View Full Version : modern medicine

05-02-2004, 13:12
during a chat with two physicians recently i was amazed to find them confiding that they felt today's purveyors of medicine are sorely lacking in diagnostic capabilities. their point was this.... pre-hospital, in-hospital wherever it is we have far too many machines that we rely on for medical care and the art of medicine has practically vanished in some areas. this discussion came about because we had just finished an acls class and as i do during the rhythm recognition class i tell the story of winkebach who identified and accurately described the 2nd degree heart block which bears his name. he did this in 1899 but eindhoven did not invent the ecg until 1903. his description was made on visual and auditory observation alone. it is amazing to me that one's diagnostic skills could be so sharp as to do this. today we require a diagnostic quality monitor and a paper print-out before we would even think to commit to a dx of this condition.

so here is my challenge for the group...... turn off your pulse ox, take the batteries out of your monitor, and don't even think of the x-ray or ct. let's dx pts with pneumonia, intracerebral bleed, cardiac arrhythmias, and anything else you can come up with... pull out all your tricks of the trade and take medicine back 50 years....... maybe we will all learn something

05-02-2004, 13:28
Very well put.

The Reaper
05-02-2004, 13:38
That is the way we have to teach SF medics due to the austerity of our operating environment.

Thanks, JM.


05-02-2004, 15:35
Excellent post.

05-02-2004, 22:36
We have a very new datascope in the back of our 1st out rig, and I always say to myself, "I gotta get away from these machines and do more stuff the old fashioned way." After reading that I think its time to start within the boundries that a given situation will allow. Thanks great post.


05-03-2004, 07:39

05-03-2004, 14:02
As a new medic in training I am being taught the "right" way to do things. We are being taught to not rely on the computers and machines. BP/Pulse/RR are all done by hand in our class as well as all Trauma and Non-Trauma Assesment. Assessing pupils, LS,HT,BP,RR, Pulse... we have been doing it over and over and over until we have it stone cold.

My-Medic in training 2 cents.


Maple Flag
05-03-2004, 15:25
The Winkeback story (which I had not heard of before now) sounds annecdotal unto itself, but it stands to reason that the onslaught of technology to help us can naturally lead to changing emphasis on skills (ie: spending more time learning how to work with the technology rather than with the patient).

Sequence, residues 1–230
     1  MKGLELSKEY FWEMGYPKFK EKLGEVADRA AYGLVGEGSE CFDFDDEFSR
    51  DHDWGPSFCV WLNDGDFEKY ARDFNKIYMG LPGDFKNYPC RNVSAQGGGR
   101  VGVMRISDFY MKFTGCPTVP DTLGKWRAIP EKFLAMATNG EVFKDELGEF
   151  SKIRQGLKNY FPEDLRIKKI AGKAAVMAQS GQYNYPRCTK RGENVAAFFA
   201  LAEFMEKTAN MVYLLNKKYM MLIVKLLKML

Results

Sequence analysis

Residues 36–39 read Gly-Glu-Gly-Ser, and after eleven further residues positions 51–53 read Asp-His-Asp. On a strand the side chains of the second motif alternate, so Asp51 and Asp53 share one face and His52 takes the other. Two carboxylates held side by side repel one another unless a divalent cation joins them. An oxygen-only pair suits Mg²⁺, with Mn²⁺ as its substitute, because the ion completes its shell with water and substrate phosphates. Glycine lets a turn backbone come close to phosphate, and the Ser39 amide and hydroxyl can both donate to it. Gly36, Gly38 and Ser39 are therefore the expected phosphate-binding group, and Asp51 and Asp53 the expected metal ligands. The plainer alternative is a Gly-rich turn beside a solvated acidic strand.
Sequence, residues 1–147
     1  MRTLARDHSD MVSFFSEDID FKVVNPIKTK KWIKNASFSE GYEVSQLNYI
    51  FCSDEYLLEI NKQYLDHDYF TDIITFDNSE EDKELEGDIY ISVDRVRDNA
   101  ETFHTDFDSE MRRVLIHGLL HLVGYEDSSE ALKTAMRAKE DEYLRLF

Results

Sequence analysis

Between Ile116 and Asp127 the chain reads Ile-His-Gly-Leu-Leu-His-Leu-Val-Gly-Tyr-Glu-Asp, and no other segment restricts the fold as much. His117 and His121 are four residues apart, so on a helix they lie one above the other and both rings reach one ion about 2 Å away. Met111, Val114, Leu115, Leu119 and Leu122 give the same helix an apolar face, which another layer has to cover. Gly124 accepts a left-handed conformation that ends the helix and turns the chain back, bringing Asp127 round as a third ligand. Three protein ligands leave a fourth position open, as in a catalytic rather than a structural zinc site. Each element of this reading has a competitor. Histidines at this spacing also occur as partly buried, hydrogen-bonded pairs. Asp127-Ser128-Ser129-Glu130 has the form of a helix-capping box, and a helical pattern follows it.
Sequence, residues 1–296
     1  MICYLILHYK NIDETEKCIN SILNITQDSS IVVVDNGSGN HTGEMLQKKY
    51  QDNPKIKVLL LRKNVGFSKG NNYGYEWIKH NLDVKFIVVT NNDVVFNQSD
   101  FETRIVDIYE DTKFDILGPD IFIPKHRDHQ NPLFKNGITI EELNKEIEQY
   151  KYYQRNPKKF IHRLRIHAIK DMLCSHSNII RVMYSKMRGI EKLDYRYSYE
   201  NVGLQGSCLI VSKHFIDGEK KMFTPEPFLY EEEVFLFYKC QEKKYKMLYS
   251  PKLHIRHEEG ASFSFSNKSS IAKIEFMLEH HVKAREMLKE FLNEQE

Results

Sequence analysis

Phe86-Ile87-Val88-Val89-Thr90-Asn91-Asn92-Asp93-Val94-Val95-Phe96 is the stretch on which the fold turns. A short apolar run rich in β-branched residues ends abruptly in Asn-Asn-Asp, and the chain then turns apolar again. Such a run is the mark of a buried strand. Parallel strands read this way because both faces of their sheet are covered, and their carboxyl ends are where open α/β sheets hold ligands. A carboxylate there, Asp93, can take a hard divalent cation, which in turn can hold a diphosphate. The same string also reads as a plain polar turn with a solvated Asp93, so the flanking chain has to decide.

Technology is great, so long as we do not lose the ability to operate without it.

Great post.

greg c
05-03-2004, 15:37
Counterpoint: The use of technology enables safer patient management.

In my training I have seen a few procedures go from "blind" to "guided." The two that first come to mind are the the use of ultrasound (US) guidance for thoracentesis and US guidance for central venous catheter placement. In the first case, US does not replace physical diagnostic techniques of pecussion of the thorax or auscultation of breath sounds, but simply ensures a margin of safety when needles are being placed into cavities that contain vital organs. In the second case, US guidance does not replace visualization of landmarks, or palpation of pulses, but again can help guide needles and help avoid accidental needlesticks to vital arteries.

The above said, I rarely use US guidance for central line placement- my comfort level with the procedure allows me to believe that it does not add much in the way of safety given that I have a significant number of that particular procedure under my belt, and an almost nil personal complication rate bears that out. But I see a lot of new guys and gals erroneously poking arteries and lungs and whatnot because they eschew the available technology and don't have the talent/experience to make it safe to do so.